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Mood swings

Topics/tags: Autobiographical

Today’s been a weird day. There was a period of time today that I said to myself That’s the last straw; I’m fed up with Grinnell. But there were also times that I felt a bit better, perhaps even much better.

The day started well. I slept in a bit [1]. I planned a musing. I went to water aerobics. I managed to strike up a conversation with someone I didn’t know, which is hard for me. I got some time in the hot tub. When I reached campus, there was chili with cinnamon rolls. I got a thank-you note for chocolates I’d given to someone. All in all, a good start of the day.

Then things rapidly went downhill.

First, as I was looking for some information about Kate Walker [2], I found a press release from when we hired her. That press release indicated that

Grinnell has become one of the nation’s premier liberal arts colleges, enrolling 1,600 students […].

That number seemed low to me compared to current enrollments, so I went to check. Our current Grinnell at a Glance page says that

About 1,700 students attend the College.

Since Kate started in Fall 2013, that would represent a growth of about 100 students in five or so years. Since President Kington and the Trustees have been unwilling to allow the faculty to Grow, I was all set to write a rant about the issue.

But that wasn’t the low point.

During today’s department meeting, I learned that students have been signing in for CS Table and then not attending. Some went so far as to forge the names of alums or to put in humorous names, like Tony Stark. I guess it may feel like a victimless crime to the students, but we regularly over-spend our CS Table budget and have to use our restricted fund. I’m the second-largest donor to that fund, and I would much rather the funds get used for other purposes then feeding random students [3]. It also bothers me because it’s dishonest and a violation of self-governance.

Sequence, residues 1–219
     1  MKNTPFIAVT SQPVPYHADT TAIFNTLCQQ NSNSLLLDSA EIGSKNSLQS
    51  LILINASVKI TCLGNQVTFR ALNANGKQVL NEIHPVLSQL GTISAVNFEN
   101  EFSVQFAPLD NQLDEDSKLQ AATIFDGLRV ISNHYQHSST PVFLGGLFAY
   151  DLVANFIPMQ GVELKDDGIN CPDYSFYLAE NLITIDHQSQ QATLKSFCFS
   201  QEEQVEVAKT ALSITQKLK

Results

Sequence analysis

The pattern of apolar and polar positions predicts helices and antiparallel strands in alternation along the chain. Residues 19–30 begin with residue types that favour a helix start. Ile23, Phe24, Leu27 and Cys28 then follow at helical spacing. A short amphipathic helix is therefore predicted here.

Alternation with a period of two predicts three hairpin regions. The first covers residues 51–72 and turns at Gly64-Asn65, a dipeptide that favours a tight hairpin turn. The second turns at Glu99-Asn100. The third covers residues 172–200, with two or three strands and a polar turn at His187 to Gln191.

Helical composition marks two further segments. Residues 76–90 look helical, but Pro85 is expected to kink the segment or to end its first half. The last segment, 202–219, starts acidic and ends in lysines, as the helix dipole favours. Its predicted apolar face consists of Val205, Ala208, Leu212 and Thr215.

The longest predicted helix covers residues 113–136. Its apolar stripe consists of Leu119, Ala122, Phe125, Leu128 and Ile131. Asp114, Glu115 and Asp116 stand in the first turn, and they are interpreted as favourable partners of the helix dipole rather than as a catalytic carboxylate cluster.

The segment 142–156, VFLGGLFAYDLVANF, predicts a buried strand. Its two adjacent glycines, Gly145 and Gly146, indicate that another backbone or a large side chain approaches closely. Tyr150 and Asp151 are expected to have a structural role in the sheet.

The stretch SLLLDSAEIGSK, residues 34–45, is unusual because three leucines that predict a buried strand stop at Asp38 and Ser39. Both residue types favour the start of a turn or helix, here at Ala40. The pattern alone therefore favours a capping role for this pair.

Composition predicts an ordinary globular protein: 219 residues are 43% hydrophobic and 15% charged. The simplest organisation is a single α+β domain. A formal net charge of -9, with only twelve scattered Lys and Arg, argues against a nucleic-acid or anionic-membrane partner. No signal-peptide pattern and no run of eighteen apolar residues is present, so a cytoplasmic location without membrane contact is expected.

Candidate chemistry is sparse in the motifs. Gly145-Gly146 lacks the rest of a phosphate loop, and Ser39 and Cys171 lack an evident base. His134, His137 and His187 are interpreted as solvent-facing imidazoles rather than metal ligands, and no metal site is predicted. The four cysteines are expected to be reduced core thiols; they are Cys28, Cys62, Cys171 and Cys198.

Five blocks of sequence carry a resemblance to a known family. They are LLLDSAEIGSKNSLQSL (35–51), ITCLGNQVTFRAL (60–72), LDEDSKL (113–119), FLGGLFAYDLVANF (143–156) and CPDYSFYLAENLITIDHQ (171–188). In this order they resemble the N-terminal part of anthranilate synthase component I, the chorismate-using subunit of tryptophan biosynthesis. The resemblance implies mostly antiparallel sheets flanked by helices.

Surprisingly, there was a positive aspect to the CS Table discussion. One of my colleagues raised the issue of students who are food insecure, and we spent some time talking about how the institution can and should support such students [4].

But the CS Table thing feels like a betrayal. The department spends time and effort to arrange CS Table because we believe it provides an important educational benefit to our students. To help our limited funding for CS Table go further, the CS faculty pay for our own lunches rather than charge them to the department. To have students charge us, not attend, and treat it like a joke, hurts. It makes me want to stop spending the time and effort doing things like this for students [5].

After the department meeting, I wandered over to the Registrar’s office to talk about my innovation fund proposal to have students write more substantive declarations of majors and defend those declarations and their four-year plans. While I did not receive funding under the Pilot Project model, the Committee did suggest that I do a Planning Project and I thought it would be good to talk to the Registrar about some of the ideas.

When I was there, I learned that Curriculum Committee is discussing doing away with the major declaration essay, the essay that I was making core to my project. Even if we ignore my project, I think of the major declaration essay as one of the primary times we ask students to reflect closely on their liberal education, and it strikes me that we are abandoning core values if we get rid of it.

All of that put me in a horrendous mood. Then I went home and managed to slip on the ice. It wasn’t a minor slip, either. I ended up on my back. At least I didn’t break anything. Nonetheless, adding bodily pain to mental anguish is not a step forward.

After that, I had lunch with Michelle and Youngest Son and we chatted about a variety of things, and I felt a bit better. Then I came home and, in a better frame of mind, reflected on the things that I thought had ruined my day.